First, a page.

No Right to Bear Arms on Employer Property

By James Hatch

May. 12, 2006

Weyerhaeuser Co. operated a paper mill in Oklahoma for which Kellogg, Brown & Root and Kenny Industrial provided contract maintenance employees. Weyerhaeuser policy barred employees from having firearms on company property and in employee parking areas. KBR and Kenny policies prohibited employee firearms anywhere on customers’ property and required compliance with customers’ policies.

   In October 2002, Weyerhaeuser used search dogs to identify vehicles that might contain drugs. A number of employees admitted having firearms in their vehicles and consented to a search of their cars. Weyerhaeuser, KBR and Kenny fired their employees found with firearms or drugs in their vehicles.

   Eight workers sued Weyerhaeuser, alleging violations of the Oklahoma state constitution, the state gun-possession law and various common-law claims. That state’s constitution provides that the “right of a citizen to keep and bear arms in defense of his home, person or property … shall never be prohibited.” The Oklahoma Self-Defense Act (OSDA) empowered employers, among others, “to control the possession of weapons on any property (they) owned,” but a 2004 amendment to that act permitted the storage of guns in locked vehicles.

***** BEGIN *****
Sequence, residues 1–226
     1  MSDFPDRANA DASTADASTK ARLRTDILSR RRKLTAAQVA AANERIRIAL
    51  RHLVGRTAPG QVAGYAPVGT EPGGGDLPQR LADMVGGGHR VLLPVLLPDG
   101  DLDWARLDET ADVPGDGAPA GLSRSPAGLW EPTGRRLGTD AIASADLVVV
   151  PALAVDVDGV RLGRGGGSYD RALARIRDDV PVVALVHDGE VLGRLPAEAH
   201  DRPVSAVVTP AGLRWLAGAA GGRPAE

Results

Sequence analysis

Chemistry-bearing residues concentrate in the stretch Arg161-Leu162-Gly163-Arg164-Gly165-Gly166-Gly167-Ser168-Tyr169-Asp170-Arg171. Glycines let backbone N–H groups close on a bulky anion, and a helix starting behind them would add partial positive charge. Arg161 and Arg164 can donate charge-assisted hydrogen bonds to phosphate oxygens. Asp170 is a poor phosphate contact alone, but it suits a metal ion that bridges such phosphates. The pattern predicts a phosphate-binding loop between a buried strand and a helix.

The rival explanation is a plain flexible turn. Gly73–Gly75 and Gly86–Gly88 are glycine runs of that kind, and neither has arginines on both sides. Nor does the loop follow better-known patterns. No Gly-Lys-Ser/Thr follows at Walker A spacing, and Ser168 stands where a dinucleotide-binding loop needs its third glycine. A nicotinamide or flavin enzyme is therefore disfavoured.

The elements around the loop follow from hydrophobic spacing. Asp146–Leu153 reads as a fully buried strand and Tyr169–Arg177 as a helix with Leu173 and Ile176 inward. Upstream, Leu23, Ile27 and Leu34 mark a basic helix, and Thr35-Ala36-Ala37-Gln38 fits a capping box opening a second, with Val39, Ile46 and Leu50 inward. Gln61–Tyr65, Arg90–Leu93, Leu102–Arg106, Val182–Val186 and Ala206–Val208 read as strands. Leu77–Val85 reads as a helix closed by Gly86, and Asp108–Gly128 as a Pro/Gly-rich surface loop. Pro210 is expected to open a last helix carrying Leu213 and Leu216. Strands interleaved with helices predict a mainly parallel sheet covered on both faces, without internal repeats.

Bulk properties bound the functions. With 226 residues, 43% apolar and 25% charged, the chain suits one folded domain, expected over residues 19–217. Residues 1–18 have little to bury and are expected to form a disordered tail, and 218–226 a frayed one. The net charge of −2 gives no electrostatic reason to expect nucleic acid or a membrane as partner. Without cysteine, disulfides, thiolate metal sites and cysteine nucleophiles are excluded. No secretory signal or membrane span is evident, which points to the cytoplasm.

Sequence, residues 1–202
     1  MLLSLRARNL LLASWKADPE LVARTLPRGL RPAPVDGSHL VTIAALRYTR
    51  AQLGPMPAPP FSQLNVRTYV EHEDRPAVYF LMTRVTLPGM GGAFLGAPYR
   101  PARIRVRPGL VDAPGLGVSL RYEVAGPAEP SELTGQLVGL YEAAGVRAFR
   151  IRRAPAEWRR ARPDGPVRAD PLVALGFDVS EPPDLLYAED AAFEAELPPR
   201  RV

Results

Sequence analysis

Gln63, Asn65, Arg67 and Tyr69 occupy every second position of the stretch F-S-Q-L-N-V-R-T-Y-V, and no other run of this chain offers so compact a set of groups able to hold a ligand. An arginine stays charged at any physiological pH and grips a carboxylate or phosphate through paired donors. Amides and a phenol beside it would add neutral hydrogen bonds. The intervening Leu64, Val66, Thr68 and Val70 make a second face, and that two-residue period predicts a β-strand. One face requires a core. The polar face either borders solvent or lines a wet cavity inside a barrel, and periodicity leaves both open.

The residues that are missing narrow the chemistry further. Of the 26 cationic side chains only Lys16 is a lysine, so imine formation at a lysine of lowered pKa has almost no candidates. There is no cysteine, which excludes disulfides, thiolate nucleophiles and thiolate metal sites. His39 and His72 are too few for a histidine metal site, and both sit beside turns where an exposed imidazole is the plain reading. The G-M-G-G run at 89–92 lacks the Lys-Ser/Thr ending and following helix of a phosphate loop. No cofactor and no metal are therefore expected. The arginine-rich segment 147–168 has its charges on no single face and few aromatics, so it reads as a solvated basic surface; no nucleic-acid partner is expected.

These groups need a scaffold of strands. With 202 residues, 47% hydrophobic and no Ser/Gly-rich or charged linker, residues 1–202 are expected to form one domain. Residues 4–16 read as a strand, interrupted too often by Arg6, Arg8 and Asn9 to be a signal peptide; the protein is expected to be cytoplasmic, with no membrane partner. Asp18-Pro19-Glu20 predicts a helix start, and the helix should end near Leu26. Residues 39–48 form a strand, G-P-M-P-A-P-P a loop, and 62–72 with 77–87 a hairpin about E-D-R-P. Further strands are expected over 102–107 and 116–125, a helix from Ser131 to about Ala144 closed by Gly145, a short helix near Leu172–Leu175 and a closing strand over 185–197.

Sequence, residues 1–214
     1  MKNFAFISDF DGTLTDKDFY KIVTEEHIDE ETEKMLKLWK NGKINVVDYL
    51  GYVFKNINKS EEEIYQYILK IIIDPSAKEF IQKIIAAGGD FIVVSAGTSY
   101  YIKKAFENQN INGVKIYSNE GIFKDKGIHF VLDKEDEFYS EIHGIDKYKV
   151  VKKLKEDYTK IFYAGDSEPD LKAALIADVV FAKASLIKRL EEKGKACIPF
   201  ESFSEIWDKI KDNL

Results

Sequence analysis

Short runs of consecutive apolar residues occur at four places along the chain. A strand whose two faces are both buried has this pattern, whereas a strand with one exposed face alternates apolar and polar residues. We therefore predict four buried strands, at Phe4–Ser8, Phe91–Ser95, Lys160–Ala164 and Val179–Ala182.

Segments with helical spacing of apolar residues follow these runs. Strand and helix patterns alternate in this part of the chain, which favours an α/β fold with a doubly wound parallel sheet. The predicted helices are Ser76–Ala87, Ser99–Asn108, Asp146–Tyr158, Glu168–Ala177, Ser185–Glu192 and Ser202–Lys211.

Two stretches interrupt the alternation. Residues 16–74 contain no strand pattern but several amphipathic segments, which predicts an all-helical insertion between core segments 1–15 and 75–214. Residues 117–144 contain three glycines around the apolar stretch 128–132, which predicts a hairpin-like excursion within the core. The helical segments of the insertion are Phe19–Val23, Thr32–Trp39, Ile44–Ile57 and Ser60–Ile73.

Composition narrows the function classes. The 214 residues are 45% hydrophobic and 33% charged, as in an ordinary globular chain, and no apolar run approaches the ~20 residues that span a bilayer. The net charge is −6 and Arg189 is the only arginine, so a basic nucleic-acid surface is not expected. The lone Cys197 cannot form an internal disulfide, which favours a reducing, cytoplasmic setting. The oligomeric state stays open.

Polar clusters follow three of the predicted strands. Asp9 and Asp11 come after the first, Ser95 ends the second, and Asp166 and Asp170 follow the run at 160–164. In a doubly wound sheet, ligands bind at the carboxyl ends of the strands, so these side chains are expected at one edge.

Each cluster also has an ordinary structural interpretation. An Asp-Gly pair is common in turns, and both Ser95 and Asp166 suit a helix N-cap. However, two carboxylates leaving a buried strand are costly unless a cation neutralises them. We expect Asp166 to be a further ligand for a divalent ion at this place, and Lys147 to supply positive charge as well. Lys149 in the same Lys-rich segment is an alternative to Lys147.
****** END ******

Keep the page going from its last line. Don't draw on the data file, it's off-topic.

Upon appeal, the U.S. Court of Appeals for the 10th Circuit in Denver found that there was no violation of the employees’ rights under state law, in part because the OSDA 2004 amendment was not retroactive. Bastible v. Weyerhaeuser Co., 10th Cir., No. 05-7037 (2/13/06).

    Impact: Employers should carefully research current legal restrictions and employee rights, especially concerning privacy, before conducting any search of their employees, including private vehicles.

The information contained in this article is intended to provide useful information on the topic covered, but should not be construed as legal advice or a legal opinion. Also remember that state laws may differ from the federal law.

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